Question: What areas of cooperation will be in the focus of your visit to India and will determine the strategic partnership between the two states in 2020? What do you think about the Indian-Russian cooperation in general? Sergey Lavrov: This is a special year for our countries. Twenty years ago, India and Russia signed the Declaration on Strategic Partnership.


14.01.2020 - Ambassador Andrei Kelin's letter to the Times in response to the Polish Ambassador Arkady Rzegocki on World War II

Sir, Polish Ambassador Rzegocki, in his letter published on 9 January, proposes to “question the USSR’s status as liberator”, claiming that Molotov-Ribbentrop pact “sparked the war and a double totalitarian invasion of Poland”. Let me suggest to my Polish colleague to look deeper into the history of that time.


14.01.2020 - Interview of Foreign Minister Sergey Lavrov with the Daily News Sri Lankan newspaper, published on January 13, 2020

Question: Since the end of the Cold War and the inception of the multipolar world order, you have spent many years engaged in international affairs and geopolitics. Are there any peculiarities in the relations between Sri Lanka and Russia originating in that period? Sergey Lavrov: The relations between our states have always been intrinsically valuable and independent from international developments. They have always been and continue to be based on the principles of equality, trust, mutual respect and consideration of one another's interests. The peculiarities specific to certain periods of history are of marginal significance, since they do not affect the inviolability of the bonds of friendship uniting our peoples.


19.12.2019 - President Vladimir Putin replies to a BBC question during his annual press conference Moscow, 19 December 2019

I know what the interests of my country are. And whatever somebody might say about me, this has no importance whatsoever when compared to the fundamental tasks that Russia is interested in solving. But of course, we see, we hear, we understand and we take those views into consideration in our work.


18.12.2019 - Foreign Minister Sergey Lavrov’s article Neighbours in Europe. Russia-EU: Thirty Years of Relations for Rossiyskaya Gazeta, December 18, 2019

Thirty years ago, on December 18, 1989, Brussels hosted the signing of the Agreement on Trade and Commercial and Economic Cooperation between the USSR and the European communities. This date became the point of departure for official relations between Russia as the successor state of the USSR and the European Union. Symbolically, the Agreement was signed slightly over a month after the fall of the Berlin Wall, an event that came down in history as a landmark signifying the end of the Cold War, a period, when the continent was divided into two opposing ideological blocs. The founders of the Russia-EU partnership knew that it would be impossible to erase the centuries-old divides on the continent unless a broad framework for cooperation was created in Europe. Both sides intended to make it mutually beneficial, long-term, and resistant to economic and political fluctuations.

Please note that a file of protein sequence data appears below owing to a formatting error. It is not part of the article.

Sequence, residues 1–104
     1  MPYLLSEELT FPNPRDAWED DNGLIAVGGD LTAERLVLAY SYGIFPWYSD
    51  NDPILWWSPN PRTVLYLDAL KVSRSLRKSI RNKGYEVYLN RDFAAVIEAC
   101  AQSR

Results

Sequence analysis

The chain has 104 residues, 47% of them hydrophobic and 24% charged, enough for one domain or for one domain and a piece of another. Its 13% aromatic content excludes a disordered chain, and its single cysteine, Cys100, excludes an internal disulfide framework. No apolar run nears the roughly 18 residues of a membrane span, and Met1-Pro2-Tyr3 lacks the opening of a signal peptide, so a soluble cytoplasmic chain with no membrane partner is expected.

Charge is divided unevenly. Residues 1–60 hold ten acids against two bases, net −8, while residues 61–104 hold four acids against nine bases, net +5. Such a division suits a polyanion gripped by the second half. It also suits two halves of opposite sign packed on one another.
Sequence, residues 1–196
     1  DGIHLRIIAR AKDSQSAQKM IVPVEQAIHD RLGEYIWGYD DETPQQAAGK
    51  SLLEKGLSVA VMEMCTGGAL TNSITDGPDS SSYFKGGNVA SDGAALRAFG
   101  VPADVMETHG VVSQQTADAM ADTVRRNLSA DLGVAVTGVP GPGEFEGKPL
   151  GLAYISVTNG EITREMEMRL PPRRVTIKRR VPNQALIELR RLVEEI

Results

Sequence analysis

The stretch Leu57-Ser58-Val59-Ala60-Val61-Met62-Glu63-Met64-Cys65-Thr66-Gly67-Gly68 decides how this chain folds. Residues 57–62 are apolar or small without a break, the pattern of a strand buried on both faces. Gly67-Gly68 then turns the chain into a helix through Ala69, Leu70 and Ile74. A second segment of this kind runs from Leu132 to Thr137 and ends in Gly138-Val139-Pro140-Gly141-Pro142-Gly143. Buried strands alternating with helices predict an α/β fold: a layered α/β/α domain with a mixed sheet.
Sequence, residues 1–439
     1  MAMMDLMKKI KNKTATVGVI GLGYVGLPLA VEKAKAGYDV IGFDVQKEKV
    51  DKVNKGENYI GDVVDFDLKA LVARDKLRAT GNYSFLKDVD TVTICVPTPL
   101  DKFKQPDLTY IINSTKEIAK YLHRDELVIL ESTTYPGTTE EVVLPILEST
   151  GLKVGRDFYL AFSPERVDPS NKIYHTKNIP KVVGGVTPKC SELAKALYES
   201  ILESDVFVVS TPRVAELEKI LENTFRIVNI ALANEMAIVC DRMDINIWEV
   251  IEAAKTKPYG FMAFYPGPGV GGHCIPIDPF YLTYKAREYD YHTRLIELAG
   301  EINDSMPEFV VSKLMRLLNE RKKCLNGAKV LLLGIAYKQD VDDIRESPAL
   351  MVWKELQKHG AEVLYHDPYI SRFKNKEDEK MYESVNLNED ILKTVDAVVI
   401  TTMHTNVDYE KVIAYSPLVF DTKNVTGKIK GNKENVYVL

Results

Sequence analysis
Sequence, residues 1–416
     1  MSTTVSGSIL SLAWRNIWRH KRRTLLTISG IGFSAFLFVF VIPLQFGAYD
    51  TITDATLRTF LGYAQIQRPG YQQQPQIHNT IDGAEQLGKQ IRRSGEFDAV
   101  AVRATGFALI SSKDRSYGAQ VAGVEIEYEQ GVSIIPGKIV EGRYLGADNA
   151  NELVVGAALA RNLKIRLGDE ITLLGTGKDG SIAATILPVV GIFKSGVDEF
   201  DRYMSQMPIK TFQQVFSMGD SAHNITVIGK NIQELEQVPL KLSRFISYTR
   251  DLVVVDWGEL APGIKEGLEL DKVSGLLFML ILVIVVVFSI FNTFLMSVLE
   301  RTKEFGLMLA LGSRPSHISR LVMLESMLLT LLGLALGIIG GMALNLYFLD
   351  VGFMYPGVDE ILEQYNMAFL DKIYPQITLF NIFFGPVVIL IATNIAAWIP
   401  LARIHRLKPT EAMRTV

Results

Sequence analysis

06.12.2019 - Foreign Minister Sergey Lavrov’s remarks at the 26th OSCE Ministerial Council meeting, Bratislava, December 5, 2019

Mr Chairperson-in-Office, Mr Secretary General, Ladies and Gentlemen, First of all, allow me to thank Slovakia’s Chairmanship for its hospitality. Here in Bratislava, where Western and Eastern Europe meet, we are reminded that the purpose of our organisation is to facilitate the emergence of shared security through cooperation, as well as the removal of dividing lines and the growth of mutual trust. The goal adopted at the 2010 Astana summit of building a community of equal, comprehensive and indivisible security should remain our utmost priority. Today, CSTO foreign ministers adopted a statement to this effect, reaffirming their commitment to this objective.


29.11.2019 - Ambassador Andrei Kelin’s speech at the opening of the V Russian-British Business Forum in London, 27 November 2019

Ladies and gentlemen! I am pleased with the opportunity to deliver my first speech as Russian Ambassador to the United Kingdom at the Russian-British Business Forum. Over the five years, the Forum has become a solid platform for open and direct dialogue and exchange of views, involving both business community and officials. The number of participants has been growing annually. Together, we have managed to create a constructive atmosphere of partnership.


28.11.2019 - Deputy Foreign Minister Oleg Syromolotov’s reply to a media question concerning the recent statement of the UK’s Chief of the Defence Staff

Q: How would you comment on the statement made by the UK’s Chief of the Defence Staff Sir Nicholas Carter that the UK is in a state of cyber war with Russia? Has London raised this matter with Moscow? Has the British side provided any evidence? A.: This is not the first statement of this sort made by the UK’s Chief of the Defence Staff, General Carter, and it certainly needs to be considered in the context of the large-scale anti-Russian propaganda campaign launched by the British government.


21.11.2019 - Foreign Minister Sergey Lavrov’s remarks and answers to media questions at a joint news conference with Minister of Foreign Affairs of the Kingdom of Bahrain Khalid bin Ahmed Al Khalifa, Moscow, November 20, 2019

We have had very good talks with my Bahraini colleague and friend, Khalid bin Ahmed Al Khalifa, and we have reached agreements on all the issues we discussed.



all messages